Self-identity can be a difficult issue to decode. Minority groups in the Untied States are frequently not afforded the same resources and opportunities given to their white counterparts, especially in regards to housing and education. This results in many individuals becoming torn between upward mobility and opportunities in society, and staying near their families and true to […]Read more "Identity Crisis: Leaving Home to Find a Home"
Growing up, I split my time between the cities of Spokane and Moses Lake, Washington. Both have long and complex histories with the indigenous tribes of the region, many of which no longer exist and the others were forced to relocate to reservations. I was always aware of the reservation, yet the history I was […]Read more "Ignored Narratives: Telling the Stories of 21st Century Native Americans"
Having never studied poetry I was skeptical about comprehending over 300 pages. However, that was not the case. I found Jacqueline Woodson’s Brown Girl Dreaming moving, enlightening, and challenging. The poems, written from the perspective of a child, but through the reflection of an adult offer a unique insight into the perceptions of black childhood. This […]Read more "Reflection: ‘Brown Girl Dreaming’ and Accepting the Unanswered Questions"
Americans find it difficult to talk about race. Adults find it even harder to discuss issues of racial and ethnic identity with children, who are still figuring out their own identities and where they fit in the world. In Boston Black: A City Connects, the Boston Children’s Museum teaches children about the history of African […]Read more "Learning About Each Other: Interpreting Culture for Children"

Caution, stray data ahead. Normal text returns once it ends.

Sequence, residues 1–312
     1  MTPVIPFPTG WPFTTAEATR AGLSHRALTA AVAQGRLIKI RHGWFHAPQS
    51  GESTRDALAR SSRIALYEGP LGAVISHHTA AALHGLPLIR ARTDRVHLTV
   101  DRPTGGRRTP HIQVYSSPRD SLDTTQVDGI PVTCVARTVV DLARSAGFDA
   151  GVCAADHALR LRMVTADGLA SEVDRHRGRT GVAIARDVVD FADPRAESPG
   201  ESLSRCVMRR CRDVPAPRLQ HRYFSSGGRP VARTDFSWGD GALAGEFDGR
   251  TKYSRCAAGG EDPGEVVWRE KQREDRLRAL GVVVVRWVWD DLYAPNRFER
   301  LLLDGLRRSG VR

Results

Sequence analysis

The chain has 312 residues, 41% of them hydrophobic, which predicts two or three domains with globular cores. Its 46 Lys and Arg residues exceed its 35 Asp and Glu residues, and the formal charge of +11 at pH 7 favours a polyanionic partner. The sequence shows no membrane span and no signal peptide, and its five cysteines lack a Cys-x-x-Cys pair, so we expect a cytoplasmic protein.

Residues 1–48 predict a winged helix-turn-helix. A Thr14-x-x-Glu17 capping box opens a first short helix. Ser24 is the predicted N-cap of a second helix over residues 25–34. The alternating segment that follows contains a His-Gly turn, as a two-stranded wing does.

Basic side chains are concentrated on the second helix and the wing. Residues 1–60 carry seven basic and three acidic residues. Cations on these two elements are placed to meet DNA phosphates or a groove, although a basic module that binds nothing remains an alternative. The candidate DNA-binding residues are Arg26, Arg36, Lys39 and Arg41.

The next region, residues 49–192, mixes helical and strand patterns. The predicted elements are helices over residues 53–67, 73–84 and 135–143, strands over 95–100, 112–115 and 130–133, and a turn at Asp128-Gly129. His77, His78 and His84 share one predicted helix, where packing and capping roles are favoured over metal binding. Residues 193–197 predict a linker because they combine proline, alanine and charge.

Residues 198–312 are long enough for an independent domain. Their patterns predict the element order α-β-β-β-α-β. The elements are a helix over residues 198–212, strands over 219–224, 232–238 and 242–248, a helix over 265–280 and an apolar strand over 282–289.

I knew Jacqueline Woodson’s book Brown Girl Dreaming was going to be something special when I saw the three stickers for its Caldecott Award, Newberry Honor Award, and National Book Award on the cover. The praise printed within the covers and personally expressed to me set a high bar. I wasn’t prepared, however, for how I […]Read more "Recognizing and Honoring Brown Girls Dreaming… and Writing"
While studying art history in college, the department’s core classes followed the same white European arc that most of my history classes did: art began with the ancients of the Mediterranean and flourished in Europe for centuries before becoming a worldwide hodgepodge of creation as globalization occurred. The standard art history textbook would then include […]Read more "The Unsung Radical: Latina Women Artists"
When my younger sister was thirteen, someone told her that she should chemically straighten her very curly hair. This person believed that she would look “better” if her hair was permanently straight and more in line with American perceptions of beauty. Such perceptions elevate non-Jewish European women’s features above my sister’s Ashkenazi Jewish ones. Similarly, […]Read more "Caroline’s Hair and Caroline’s Arm: Body Image and Disability in Caroline’s Wedding"
In our class discussion on Art Spiegelman’s graphic novel Maus, the most emotional moment for me was when we heard a brief audio clip of Vladek, who the main character is based on, telling his own story. Listening to Voladek reminded me of times that I’ve been privileged enough to hear Holocaust survivors speak and […]Read more "Stories and Emotions: Teaching Holocaust History"